How to Implement a Successful Market Strategy

 How to Implement a Successful Market Strategy If you want your product to be successful, you have to know your customer. Sarah Boisvert explains how understanding customer behavior can lead to large profit margins.


Hello, I’m Sarah Boisvert, founder of Fab Lab Hub, a part of the MIT Fab Lab Network.

Why is Market Segmentation an Important Strategy for Startups?

Marketing is very expensive, and I mean the entire marketing mix, not just advertising and promotion. And startups only have limited resources; actually, everybody has limited resources. Even the biggest companies don’t have unlimited funds to do just whatever they want. You really need to think through how you’re going to spend your funds. If you have a defined market and you are able to take something that’s small and specific, you can focus clearly and save money on all of your expenses, including market development.

Another area that is less obvious: if you are defining a product specific to a market segment, and you are trying to meet all of the needs, wants, and desires of a particular customer. You will need to answer some questions that your product development people will have regarding the product. Making those decisions is not easy: what is the thing going to look like? How big is it? Where is it going to go?

Tailor Your Product To Fit Your Specific Market

I once had a customer in Japan, and it was a new market segment that we were working on. I went to Tokyo to do the specification of the product. I always did the specifications on-site because there would always be things that came up that I couldn’t imagine from my factory. I got there, and our power supply and other kinds of tools that went with the laser always sat underneath the production lines. And when I measured their production lines, because the workers, of course, were typically Japanese women who were quite small in stature, it turned out our machines didn’t fit underneath it had to be completely redesigned in order to meet that particular market segment.

Study Your Customers

It’s really important, in my opinion, to visit the customers and to sit with them and see how they use the product. I have had a number of times when salespeople would come to me and say, “we really need a product for X,” and when I talk to the customers I discover that that wasn’t true at all.

A great example of that is a customer that had wanted to have scribing lasers; they wanted lasers that could write kanji characters. When I went to visit the customer to do the definition of the product, I discovered that they were selling all of their products to the US and they didn’t need kanji characters because they were exporting. All the characters that we could produce already – without having to invest anything in our technology – did the job for them.

So don’t forget to go and talk to and visit the sites of how people use your product.

Test Your Product in a Smaller Market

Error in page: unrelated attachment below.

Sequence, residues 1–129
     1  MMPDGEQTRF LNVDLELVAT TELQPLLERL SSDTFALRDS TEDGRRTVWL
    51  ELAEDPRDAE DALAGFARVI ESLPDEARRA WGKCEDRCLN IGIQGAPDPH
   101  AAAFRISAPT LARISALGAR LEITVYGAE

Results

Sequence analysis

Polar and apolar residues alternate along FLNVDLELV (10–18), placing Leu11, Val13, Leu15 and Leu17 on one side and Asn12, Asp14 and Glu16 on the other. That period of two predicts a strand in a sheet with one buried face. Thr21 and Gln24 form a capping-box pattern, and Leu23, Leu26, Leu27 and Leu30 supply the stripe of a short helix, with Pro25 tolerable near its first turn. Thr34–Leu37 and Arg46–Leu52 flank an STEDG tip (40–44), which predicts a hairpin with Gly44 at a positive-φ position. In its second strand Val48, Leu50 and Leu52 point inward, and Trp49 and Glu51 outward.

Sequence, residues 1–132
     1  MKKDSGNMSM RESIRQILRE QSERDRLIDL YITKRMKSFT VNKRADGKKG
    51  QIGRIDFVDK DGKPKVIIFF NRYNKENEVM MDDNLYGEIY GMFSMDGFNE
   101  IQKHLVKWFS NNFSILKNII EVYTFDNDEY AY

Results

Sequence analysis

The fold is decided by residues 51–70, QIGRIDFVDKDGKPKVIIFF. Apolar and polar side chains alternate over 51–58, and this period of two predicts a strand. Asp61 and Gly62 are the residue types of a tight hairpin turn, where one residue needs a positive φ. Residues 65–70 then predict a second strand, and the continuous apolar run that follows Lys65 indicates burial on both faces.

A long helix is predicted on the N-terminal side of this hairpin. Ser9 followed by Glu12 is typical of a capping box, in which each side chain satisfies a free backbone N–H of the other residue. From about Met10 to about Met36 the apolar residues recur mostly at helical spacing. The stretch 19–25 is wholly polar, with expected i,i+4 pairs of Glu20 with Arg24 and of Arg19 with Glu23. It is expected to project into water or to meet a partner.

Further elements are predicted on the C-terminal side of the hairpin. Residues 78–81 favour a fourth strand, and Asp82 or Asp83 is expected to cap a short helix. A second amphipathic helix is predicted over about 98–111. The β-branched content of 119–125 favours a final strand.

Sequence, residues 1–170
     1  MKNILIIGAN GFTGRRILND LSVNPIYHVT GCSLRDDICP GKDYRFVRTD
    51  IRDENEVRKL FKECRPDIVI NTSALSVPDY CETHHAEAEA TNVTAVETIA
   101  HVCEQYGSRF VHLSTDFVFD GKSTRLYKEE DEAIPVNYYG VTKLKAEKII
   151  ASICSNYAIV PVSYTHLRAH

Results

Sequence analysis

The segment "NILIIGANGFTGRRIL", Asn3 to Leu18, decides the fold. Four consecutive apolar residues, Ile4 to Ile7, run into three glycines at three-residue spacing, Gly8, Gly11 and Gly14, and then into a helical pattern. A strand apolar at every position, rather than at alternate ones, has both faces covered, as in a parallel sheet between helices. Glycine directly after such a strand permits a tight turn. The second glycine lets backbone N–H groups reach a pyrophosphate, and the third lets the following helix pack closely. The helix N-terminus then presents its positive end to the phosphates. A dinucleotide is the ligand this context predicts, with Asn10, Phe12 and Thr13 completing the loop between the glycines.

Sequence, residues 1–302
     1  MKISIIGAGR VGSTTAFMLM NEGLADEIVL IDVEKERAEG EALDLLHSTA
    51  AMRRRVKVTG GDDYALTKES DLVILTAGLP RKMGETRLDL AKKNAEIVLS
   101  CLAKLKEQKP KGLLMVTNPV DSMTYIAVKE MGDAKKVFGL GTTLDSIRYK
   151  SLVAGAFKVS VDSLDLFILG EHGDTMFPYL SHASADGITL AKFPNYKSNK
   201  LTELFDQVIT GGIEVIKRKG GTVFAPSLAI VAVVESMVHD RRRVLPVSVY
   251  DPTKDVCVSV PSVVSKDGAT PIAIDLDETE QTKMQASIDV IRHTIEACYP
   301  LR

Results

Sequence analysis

Sometimes, we’re really enamored with our ideas, and it really isn’t until we get something out into the market that we can tell whether or not it’s going to work and whether the product is actually going to fly and be accepted by customers.

It’s a much smaller risk if you go out into an area and test it in a smaller market segment than if you do some mass rollout. We can see this all the time: companies like Coke or Pepsi or McDonald will introduce a new product into a few cities, see the responses, and then roll it out to the rest of the country.

Our laser company, Potomac Photonics, was a small business that my partner and I started it and we really didn’t want to have a lot of outside investment. We really wanted to be able to fund it internally as long as we could, and one of the ways that we were able to do that was by attacking small market segments. We would look at a small area, see if you could get going quickly & easily and own that market. As a result, our margins were high!

One of the areas that we worked in heavily was the medical device market. We would work on products that only we could produce; a product specific to the customer need, with very high precision and with all the parameters that a customer was looking for.

Because of this, we had almost no price sensitivity because we were able to answer questions and solve problems for customers that no one else could do. Those high margins allowed us to fund our continued R&D; it allowed us to continue our development of new products.

Objectively Develop Your Strategy

When you’re in a startup, the world seems like your oyster; there are all kinds of exciting possibilities, but it’s really important to step back and think about a strategy that can allow you to successful. I always like to say that innovation is much more than just having a good idea. You have to get in the trenches and you have to make those ideas come to life. Market segmentation is a way to do that.

About Sarah Boisvert

Sarah Boisvert has worked in Digital Fabrication, including laser micro machining and 3D Printing, since 1986. She co-founded the commercial division of Potomac Photonics to design, build and sell uv lasers and laser micro machining workstations. She also instituted Potomac’s contract service bureau providing advanced manufacturing services to the biotech, medical device, consumer products and microelectronics industries. With the sale of Potomac, Sarah founded Fab Lab Hub, a non-profit that is part of the MIT Fab Lab Network. Fab Lab Hub helps the Fab Foundation start new fab labs, and runs the Boston Enable project, 3D Printing prosthetic hands that are gifted to those in need. Her most recent startup is FabWorkforce, a marketplace and community centered around training in digital fabrication linking manufacturers/employers, potential workers and training providers.